Once your local authority or Health and Social Care Trust are made aware that you may have a need for care and support, they have a legal duty to carry out an assessment. Before this happens you may be offered support by a "Sensory Impairment Team" at the local authority or health and social care trust, which can provide sight loss specific support, such as visual impairment rehabilitation.
Vision rehabilitation is a period of training delivered by Rehabilitation Officers, often called ROVIs. It's designed to help people with sight loss maintain their independence through relearning practical daily and mobility skills.
It can also include providing community equipment and minor adaptations where appropriate such as:
- magnification software
- screen readers
- white canes
- gadgets for the kitchen
- tactile watches and alarm clocks
- telephones with a large colour-contrasting keypad.
Minor adaptations include things such as:
- grab rails
- lever taps
- non slip flooring
In England, local authorities have a legal obligation under the Care Act 2014 to help people with sight loss develop practical skills and strategies to maintain independence, including:
- at least 6 weeks of free vision rehabilitation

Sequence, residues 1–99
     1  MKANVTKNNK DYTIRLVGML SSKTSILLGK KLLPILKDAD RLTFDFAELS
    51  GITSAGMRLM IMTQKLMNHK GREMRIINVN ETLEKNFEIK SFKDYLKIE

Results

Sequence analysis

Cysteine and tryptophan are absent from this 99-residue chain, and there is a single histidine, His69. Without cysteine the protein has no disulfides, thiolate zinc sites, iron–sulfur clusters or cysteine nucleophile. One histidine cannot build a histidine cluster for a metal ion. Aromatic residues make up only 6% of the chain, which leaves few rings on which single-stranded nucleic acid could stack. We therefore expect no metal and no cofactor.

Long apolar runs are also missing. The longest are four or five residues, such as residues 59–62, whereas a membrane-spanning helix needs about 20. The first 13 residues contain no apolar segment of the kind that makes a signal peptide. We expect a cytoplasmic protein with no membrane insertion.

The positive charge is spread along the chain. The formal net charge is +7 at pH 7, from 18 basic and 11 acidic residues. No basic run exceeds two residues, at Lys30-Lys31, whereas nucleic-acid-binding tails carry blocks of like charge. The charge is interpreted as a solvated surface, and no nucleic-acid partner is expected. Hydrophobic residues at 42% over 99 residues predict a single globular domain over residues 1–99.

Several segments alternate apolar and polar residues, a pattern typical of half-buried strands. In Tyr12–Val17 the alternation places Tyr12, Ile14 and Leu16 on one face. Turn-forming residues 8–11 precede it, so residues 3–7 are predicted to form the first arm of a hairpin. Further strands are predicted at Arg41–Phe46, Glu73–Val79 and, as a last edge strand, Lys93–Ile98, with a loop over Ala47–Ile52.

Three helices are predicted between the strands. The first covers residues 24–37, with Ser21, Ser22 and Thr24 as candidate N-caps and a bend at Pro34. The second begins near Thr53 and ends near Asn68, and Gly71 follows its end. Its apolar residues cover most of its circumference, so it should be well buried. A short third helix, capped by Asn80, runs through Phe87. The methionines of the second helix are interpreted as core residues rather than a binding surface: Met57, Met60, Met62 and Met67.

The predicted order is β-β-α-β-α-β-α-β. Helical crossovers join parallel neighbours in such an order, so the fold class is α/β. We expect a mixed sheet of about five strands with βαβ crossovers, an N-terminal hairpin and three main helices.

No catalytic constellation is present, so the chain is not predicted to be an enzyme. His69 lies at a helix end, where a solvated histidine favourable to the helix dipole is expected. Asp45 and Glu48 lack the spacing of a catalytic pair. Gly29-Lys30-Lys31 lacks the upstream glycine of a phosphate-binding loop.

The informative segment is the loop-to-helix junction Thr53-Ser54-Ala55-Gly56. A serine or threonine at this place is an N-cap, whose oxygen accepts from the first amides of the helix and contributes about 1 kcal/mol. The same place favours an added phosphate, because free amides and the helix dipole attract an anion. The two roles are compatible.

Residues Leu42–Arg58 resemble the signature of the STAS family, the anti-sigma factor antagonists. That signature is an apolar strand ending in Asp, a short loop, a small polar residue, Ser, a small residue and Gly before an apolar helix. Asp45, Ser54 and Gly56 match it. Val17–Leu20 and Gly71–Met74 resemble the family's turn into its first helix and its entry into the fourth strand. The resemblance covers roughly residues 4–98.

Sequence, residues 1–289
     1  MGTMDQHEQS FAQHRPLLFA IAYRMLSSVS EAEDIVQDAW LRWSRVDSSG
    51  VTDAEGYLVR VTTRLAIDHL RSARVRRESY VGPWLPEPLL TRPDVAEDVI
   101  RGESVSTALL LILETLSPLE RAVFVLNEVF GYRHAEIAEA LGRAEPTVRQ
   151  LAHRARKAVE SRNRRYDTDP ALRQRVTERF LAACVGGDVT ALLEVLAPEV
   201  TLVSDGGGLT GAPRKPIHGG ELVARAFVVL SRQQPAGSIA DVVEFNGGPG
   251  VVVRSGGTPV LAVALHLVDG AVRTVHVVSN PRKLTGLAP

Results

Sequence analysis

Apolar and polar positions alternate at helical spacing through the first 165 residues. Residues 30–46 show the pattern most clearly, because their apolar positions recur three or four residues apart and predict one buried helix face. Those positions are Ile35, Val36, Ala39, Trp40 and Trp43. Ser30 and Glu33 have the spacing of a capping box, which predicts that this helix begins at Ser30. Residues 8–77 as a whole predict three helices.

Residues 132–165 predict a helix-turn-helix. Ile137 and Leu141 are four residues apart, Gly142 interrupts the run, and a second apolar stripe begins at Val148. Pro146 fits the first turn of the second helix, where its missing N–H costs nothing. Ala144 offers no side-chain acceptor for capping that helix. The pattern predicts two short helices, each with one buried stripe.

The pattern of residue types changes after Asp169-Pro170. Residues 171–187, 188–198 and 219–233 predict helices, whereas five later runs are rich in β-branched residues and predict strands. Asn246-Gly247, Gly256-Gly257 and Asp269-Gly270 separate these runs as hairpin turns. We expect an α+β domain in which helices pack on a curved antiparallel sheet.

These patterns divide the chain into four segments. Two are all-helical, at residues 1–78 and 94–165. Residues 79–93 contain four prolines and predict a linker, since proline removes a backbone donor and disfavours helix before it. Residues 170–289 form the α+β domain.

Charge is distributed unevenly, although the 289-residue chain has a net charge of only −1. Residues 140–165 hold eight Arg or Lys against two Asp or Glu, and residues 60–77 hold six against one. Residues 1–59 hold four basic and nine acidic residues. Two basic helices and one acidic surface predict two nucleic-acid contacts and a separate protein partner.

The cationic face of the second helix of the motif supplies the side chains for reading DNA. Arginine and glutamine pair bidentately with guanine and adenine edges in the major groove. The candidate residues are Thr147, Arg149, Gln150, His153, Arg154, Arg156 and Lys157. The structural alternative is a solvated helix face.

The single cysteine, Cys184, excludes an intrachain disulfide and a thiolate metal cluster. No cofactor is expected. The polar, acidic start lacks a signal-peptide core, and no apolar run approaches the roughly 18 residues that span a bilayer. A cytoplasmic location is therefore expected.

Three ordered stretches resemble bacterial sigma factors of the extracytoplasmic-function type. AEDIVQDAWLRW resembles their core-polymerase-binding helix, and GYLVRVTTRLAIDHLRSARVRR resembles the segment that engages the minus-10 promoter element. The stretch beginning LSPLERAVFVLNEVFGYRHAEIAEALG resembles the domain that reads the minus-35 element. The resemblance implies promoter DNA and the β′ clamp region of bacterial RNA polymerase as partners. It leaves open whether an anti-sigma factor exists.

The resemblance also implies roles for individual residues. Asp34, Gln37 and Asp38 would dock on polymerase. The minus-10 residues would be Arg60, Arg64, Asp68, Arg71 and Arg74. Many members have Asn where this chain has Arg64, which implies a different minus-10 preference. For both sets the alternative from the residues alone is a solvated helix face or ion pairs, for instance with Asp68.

- free community equipment, including minor adaptations to the home where this costs £1000 or less.
If you are based in England and are having difficulties accessing this support then please read and complete our toolkit:
Staying independent (England) (Word)
If you are based in Wales, you also have a legal right to free rehabilitation services for at least the first 6 weeks, but you may be means-tested for contributions towards any community equipment or adaptations you are assessed as needing. If you are having difficulties accessing rehabilitation, you may wish to use our template precedent letter to complain to the council regarding this:
Accessing rehabilitation template letter (Wales) (Word)
In Scotland there is not a legal right relating to free rehabilitation but there is guidance recommending its provision and so in practice this will often be available free of charge. If you are having difficulties accessing rehabilitation, you may wish to use our template precedent letter to complain to the council regarding this:
Accessing rehabilitation template letter (Scotland) (Word)